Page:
• While classic manifestations consist of arthralgia, myalgia, frank arthritis, a malar rash and renal failure to name a few, cardiac tamponade, however, is a far less common and far more dangerous presentation.[ncbi.nlm.nih.gov]
  • Malar rash – a rash over the cheeks and nose, often in the shape of a butterfly Discoid rash – a rash that appears as red, raised, disk-shaped patches Photosensitivity – a reaction to sun or light that causes a skin rash to appear or get worse Oral ulcers[web.archive.org]
Rash of the Nose
  • SLE also causes a characteristic butterfly shaped rash on the nose and cheeks called malar rash with exposure to the sun. A raised oval discoid rash is also seen in some cases.[rheumatologyspecialistcare.com.au]
  • Lupus is diagnosed when four of the following 11 criteria are present in a patient: Malar “butterfly” rash across the nose and cheeks Rash consisting of raised red patches (discoid rash) Rash resulting from sensitivity to the sun (photosensitivity) Ulcers[emedicinehealth.com]
  • An erythematous rash ("butterfly rash") over the nose and malar eminences, weakness, fatigue, and weight loss also are frequently seen early in the disease.[medical-dictionary.thefreedictionary.com]
Facial Redness

Workup

A preliminary physical examination is done, to carefully study the signs and symptoms of the disease. To be diagnosed with SLE, the individuals should exhibit at least 4 out of 11 common signs and symptoms of the disease.

Antinuclear antibody test is done using the indirect immunofluorescence technique. The pattern of flurorescence that is obtained suggests SLE. In addition, complete blood count, chest X-ray, urinalysis and kidney function tests are also carried out. Depending on the organ involved, other tests would also be required to arrive at a definite conclusion [10].

Anergy
  • […] leads to X-linked agammaglobulinemia and a complete lack of B cells. 36 However, deficiency of Btk in mice is associated with a much milder phenotype. 37 B-cell–receptor signaling is important for establishing the B-cell repertoire through induction of anergy[nejm.org]
Pericardial Effusion
  • Pericardial mesothelioma accounts for only 0.7 % of all malignant mesotheliomas and it usually presents with pericardial effusion, mimicking serositis.[ncbi.nlm.nih.gov]
  • A bedside echocardiogram revealed a significant pericardial effusion concerning for pericardial tamponade. An emergent pericardiocentesis performed drained 800mL of serosanguinous fluid.[ncbi.nlm.nih.gov]
  • Plain chest computed tomography (CT) scan revealed pericardial effusion, bilateral pleural effusions, and pulmonary hemorrhage.[ncbi.nlm.nih.gov]
  • We describe a case of SLE presenting with shortness of breath, found to have pneumothorax, bilateral nodular infiltrates along with pleural effusions and pericardial effusion.[ncbi.nlm.nih.gov]
  • In addition to ascites, pleural and pericardial effusions had developed. DIAGNOSIS: Diagnosis of SLE was finally established at GA 16 after an autoimmune workup revealed positive antinuclear, anti- Sm, anti-dsDNA and anti-U1RNP antibodies.[ncbi.nlm.nih.gov]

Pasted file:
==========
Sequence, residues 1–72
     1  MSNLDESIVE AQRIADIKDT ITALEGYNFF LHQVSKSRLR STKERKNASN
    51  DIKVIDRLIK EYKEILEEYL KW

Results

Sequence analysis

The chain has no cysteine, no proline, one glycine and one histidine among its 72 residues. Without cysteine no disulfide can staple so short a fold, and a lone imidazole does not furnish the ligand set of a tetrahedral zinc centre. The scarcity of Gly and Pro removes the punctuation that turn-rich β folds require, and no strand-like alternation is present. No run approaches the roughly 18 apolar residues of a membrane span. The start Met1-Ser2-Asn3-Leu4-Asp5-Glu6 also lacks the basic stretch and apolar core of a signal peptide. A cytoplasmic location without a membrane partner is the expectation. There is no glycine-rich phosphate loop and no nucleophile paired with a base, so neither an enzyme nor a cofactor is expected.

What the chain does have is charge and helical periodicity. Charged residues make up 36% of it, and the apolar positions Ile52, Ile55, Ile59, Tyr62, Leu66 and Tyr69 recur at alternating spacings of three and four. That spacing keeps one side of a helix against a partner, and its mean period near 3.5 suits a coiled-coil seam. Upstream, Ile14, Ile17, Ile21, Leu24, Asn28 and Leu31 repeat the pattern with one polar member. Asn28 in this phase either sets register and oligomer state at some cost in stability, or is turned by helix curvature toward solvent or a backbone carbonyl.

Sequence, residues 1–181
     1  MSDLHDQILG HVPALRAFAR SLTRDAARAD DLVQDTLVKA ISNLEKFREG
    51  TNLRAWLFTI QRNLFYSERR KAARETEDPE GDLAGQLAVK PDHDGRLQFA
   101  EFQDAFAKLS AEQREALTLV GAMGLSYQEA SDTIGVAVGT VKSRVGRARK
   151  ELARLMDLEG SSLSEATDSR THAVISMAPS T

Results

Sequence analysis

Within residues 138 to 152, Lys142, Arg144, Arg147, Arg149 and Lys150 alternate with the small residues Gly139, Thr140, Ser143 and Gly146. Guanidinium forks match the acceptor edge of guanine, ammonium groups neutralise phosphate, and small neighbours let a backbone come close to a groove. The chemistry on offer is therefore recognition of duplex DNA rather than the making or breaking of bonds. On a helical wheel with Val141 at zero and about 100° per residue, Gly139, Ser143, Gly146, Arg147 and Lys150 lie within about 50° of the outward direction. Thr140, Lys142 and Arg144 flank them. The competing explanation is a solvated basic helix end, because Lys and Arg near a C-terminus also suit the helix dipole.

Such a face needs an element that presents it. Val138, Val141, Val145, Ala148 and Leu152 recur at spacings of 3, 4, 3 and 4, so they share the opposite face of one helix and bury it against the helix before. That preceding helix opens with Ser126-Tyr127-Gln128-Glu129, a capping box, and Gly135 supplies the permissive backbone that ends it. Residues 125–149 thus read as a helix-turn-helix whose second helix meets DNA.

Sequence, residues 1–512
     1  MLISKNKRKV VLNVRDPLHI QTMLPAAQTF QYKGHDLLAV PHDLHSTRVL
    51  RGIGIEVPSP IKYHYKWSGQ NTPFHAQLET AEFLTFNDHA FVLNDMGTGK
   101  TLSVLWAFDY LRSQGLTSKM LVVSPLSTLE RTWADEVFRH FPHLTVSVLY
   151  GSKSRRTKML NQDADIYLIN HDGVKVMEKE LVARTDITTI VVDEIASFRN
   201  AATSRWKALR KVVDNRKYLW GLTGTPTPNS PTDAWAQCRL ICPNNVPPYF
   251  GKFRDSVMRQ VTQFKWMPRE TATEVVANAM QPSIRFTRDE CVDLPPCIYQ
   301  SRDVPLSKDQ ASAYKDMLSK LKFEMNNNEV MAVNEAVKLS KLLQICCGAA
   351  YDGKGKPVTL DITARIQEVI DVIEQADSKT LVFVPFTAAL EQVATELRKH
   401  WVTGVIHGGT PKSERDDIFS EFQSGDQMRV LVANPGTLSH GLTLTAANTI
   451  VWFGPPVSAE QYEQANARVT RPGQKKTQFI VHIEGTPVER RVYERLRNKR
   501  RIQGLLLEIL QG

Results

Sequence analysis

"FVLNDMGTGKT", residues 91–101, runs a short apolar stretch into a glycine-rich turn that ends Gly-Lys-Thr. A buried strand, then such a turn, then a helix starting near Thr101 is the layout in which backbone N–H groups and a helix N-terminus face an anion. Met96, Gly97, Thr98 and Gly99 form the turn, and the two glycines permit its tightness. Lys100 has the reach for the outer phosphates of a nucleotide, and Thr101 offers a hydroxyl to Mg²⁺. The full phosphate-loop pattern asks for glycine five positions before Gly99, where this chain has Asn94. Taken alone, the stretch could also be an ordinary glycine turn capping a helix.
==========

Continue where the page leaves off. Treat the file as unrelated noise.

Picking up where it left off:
Antinuclear Autoantibodies
  • Press RI, Peebles CL, Kumagai Y, Ochs RL, Tan EM (1992) Antinuclear autoantibodies in women with silicone breast implants. Lancet 340:1304–1307 PubMed CrossRef Google Scholar 57.[dx.doi.org]
  • In the second phase, autoantigens (nucleic acid–protein complexes) and antinuclear autoantibodies form complexes serving as secondary IFN-α inducers.[doi.org]
  • The Sle1 z interval is home to three subloci: Sle1a z , Sle1b z and Sle1c z 22 Among these, the NZM2410/NZW-derived ‘ z ’ allele of Sle1b z leads to the highest levels and penetrance of antinuclear autoantibodies (ANAs). 23 , 24 Studies employing crosses[dx.doi.org]
Fibrinoid Necrosis
  • necrosis at dermoepidermal junction with liquefactive degeneration and atrophy of epidermis More mucin deposition in reticular dermis than discoid lupus Edema, small hemorrhages and a mild infiltrate of inflammatory cells, principally lymphocytes, in[pathologyoutlines.com]
HLA-DR3
  • MCPs, and carpus ligamentous laxity Raynaud's phenomenon dorsal subluxation of ulna at DRUJ Imaging Studies Radiographs usually no evidence of joint destruction osteonecrosis of hips is common Labs Usually positive for ANA (95%) anti-DNA antibodies HLA-DR3[orthobullets.com]
  • It is important to note that the HLA-DQ2 haplotype found in 95 % of celiac patients shares a strong linkage to the HLA-DR3 haplotype associated with AIH [ 52 ].[dx.doi.org]
  • A significant increase of the C4B null allele ( C4B*Q0 ) in lupus patients has been demonstrated in a Spanish SLE population (OR: 6.0). 61 The C4A null allele is in linkage disequilibrium with HLA-DR3. 62 However, C4A allelic associations with SLE have[doi.org]
  • […] associations with SLE (TNFAIP3, FAM167A-BLK, BANK1 and KIAA1542); however, those loci had a lower significance level and a lower contribution to individual risk for SLE. [33] Studies of human leukocyte antigens (HLAs) reveal that HLA-A1, HLA-B8, and HLA-DR3[emedicine.com]